Frequently Asked Questions About Medicare

If you’re not currently collecting Social Security benefits, then yes, you do need to contact Social Security three months before turning 65.

Be ready when the time comes. Give us a call at 877-905-9216, TTY: 711 or visit us at HealthTeamAdvantage.com/contact and tell us when you expect to retire. We’ll get in touch with the information you need to choose the right Medicare plan for your needs when you’re ready.

No. You can wait until you’re ready to move off your (or your spouse’s) employer plan. When you do, you’ll qualify for a Special Enrollment Period and have an 8-month window to sign up for Part B. It begins when your employer or union coverage ends, or when employment ends, whichever is first. Be sure to elect Part B at that time to avoid the late enrollment penalty.

No. Each person must sign up for Medicare individually.

Absolutely not. You can choose any type of plan you want, from any insurance company you want—possibly for the first time in your life. It’s best to look at available plans, speak with your employer group benefits administrator, compare your options, and choose the best value.

Call or visit your local Social Security office or enroll online at ssa.gov.

No. Part D enrollment is different. If you want Medicare prescription drug benefits (Part D), you must enroll in a private insurance plan that contracts with Medicare. You can join either a Medicare Advantage plan that offers combined health and drug coverage in one plan or join a stand-alone plan that covers prescriptions only.

If you fail to sign up for Medicare coverage during your Initial Enrollment Period, you may be subject to the following penalties:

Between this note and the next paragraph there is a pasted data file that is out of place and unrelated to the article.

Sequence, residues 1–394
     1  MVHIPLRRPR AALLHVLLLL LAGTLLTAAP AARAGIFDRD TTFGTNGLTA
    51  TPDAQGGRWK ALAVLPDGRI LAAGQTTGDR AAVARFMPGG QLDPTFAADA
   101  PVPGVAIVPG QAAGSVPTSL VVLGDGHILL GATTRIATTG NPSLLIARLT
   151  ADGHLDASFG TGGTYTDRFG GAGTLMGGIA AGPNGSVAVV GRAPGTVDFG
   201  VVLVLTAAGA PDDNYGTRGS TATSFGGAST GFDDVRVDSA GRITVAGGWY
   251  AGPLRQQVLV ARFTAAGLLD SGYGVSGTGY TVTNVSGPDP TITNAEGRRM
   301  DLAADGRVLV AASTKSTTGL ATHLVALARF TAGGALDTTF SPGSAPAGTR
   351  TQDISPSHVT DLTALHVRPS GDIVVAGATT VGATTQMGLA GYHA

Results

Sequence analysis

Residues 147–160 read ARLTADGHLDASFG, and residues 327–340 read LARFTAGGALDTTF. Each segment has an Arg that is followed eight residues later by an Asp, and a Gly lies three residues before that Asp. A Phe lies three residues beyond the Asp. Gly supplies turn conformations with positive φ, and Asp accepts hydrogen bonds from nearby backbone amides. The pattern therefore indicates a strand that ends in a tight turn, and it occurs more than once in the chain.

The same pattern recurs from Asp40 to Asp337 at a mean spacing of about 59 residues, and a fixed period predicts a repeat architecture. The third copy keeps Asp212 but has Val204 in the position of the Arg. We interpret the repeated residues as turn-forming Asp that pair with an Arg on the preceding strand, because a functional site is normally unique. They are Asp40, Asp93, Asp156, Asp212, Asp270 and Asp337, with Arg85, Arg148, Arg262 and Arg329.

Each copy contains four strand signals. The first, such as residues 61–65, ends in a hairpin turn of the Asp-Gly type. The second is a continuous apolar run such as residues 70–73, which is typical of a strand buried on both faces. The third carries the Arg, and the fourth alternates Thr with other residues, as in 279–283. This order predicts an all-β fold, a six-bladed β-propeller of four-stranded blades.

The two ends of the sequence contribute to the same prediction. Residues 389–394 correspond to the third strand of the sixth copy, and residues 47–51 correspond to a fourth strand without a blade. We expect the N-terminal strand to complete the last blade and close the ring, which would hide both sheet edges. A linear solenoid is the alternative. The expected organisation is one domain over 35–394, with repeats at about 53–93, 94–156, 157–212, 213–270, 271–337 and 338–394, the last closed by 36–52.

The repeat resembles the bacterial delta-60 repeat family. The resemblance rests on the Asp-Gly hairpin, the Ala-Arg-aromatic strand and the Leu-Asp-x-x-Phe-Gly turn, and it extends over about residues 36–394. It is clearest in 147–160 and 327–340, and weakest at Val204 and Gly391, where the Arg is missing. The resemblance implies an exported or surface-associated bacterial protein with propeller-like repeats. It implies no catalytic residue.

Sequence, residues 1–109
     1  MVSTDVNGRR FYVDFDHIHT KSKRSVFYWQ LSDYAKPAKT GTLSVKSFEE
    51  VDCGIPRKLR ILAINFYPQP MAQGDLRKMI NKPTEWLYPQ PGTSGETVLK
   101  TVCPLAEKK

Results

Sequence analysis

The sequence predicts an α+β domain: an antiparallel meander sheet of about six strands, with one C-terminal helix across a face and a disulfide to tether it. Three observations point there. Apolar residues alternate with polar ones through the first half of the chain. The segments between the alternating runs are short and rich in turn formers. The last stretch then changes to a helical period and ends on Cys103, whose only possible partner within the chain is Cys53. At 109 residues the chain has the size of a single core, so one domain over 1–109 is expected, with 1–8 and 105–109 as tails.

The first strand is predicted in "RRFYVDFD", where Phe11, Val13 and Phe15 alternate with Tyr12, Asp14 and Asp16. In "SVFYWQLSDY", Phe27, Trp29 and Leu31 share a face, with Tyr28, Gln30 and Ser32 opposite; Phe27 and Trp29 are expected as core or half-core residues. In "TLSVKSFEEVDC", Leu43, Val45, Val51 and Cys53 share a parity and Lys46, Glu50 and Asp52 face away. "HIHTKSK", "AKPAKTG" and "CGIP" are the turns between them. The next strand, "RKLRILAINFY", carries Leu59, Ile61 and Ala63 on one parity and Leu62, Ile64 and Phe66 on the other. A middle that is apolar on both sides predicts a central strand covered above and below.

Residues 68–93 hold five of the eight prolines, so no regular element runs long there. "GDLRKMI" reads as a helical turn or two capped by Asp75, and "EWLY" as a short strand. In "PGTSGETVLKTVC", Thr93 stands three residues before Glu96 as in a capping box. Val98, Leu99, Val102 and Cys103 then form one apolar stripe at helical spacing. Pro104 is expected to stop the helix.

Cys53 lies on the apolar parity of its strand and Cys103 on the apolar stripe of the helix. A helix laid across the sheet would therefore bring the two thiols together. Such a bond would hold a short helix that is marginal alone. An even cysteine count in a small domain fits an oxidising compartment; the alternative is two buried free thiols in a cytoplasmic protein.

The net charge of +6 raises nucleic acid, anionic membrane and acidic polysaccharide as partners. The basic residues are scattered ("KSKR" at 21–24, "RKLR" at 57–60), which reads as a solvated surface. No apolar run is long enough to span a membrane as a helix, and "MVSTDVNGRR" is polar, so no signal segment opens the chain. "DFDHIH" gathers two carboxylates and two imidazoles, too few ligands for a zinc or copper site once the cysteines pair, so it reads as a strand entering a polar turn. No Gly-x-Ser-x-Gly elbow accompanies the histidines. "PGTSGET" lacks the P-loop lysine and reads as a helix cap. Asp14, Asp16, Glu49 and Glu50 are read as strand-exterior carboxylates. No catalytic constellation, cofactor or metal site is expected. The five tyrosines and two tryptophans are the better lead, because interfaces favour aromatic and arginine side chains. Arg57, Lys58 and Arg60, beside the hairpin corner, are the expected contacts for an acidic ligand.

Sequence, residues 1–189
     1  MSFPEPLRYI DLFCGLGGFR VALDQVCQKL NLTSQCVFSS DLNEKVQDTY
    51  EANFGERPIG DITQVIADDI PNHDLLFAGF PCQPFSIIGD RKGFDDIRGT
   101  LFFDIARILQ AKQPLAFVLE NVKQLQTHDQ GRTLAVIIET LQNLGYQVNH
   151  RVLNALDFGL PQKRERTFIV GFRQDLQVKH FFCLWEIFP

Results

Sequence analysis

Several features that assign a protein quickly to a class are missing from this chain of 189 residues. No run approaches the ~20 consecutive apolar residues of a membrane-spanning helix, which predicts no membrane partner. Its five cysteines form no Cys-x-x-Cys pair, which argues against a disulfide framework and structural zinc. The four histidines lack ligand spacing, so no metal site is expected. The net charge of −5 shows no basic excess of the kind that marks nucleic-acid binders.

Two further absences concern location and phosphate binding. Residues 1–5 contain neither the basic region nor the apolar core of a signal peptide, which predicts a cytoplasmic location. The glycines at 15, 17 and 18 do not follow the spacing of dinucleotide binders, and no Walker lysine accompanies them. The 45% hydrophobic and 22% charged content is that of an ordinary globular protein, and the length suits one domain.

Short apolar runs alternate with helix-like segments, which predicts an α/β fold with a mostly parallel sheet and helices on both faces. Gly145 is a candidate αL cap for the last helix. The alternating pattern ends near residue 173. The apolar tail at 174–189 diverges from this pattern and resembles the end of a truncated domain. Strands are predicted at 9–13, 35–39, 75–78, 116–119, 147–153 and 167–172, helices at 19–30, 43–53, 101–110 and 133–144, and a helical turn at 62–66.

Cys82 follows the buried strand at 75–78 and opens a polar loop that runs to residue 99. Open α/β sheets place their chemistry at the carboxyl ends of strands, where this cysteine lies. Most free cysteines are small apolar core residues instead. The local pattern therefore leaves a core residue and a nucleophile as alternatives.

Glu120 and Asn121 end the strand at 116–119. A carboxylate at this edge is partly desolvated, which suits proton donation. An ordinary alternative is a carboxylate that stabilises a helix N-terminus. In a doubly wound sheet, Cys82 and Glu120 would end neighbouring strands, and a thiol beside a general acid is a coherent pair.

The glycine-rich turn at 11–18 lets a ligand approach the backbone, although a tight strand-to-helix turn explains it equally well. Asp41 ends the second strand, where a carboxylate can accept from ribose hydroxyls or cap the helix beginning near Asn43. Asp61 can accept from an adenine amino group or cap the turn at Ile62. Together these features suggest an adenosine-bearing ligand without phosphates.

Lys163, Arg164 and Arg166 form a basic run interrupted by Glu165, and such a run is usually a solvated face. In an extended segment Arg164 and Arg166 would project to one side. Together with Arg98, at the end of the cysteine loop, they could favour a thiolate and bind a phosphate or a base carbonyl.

Medicare Part A: 10% late enrollment penalty applied to your monthly premium for twice the number of years you did not have Part A despite being eligible. If you or your spouse paid Medicare taxes while employed, there is typically no Part A monthly premium. Otherwise the monthly premium is $428.

Medicare Part B: 10% late enrollment penalty applied to your monthly premium for each full 12-month period that you did not have Part B despite being eligible. In most cases, this penalty will be added to your monthly premium for the remainder of your enrollment in Medicare. The Part B monthly premium is generally $109–$140 depending on your income. There is a late enrollment fee as well.

Medicare Part D: The late enrollment penalty amount typically is 1% of the national base beneficiary premium for each full, uncovered month you didn’t have Part D or creditable coverage. The national base beneficiary premium for 2020 is $32.74. The monthly penalty is rounded to the nearest $0.10 and added to the monthly Part D premium. The base beneficiary premium changes each year. Medicare uses the current coverage year’s amount to calculate your new penalty amount. In general, once Medicare determines your penalty amount, you’ll continue to owe a penalty for as long as you are enrolled in a Medicare drug plan. This means that even if you join another Medicare drug plan, you’ll still have to pay the penalty once enrolled in a new plan. This also means that if you join a plan that has a $0 monthly premium, you’ll still owe a penalty.

Visit medicare.gov/your-medicare-costs/part-b-costs.html for more information.

It’s best to call Medicare directly at (800) 633-4227 (800-MEDICARE) 24 hours a day, 7 days a week. TTY/TDD users should call (877) 486-2048. Talk with a representative, explain your circumstances, and ask if you can still enroll or need to wait until the next enrollment period.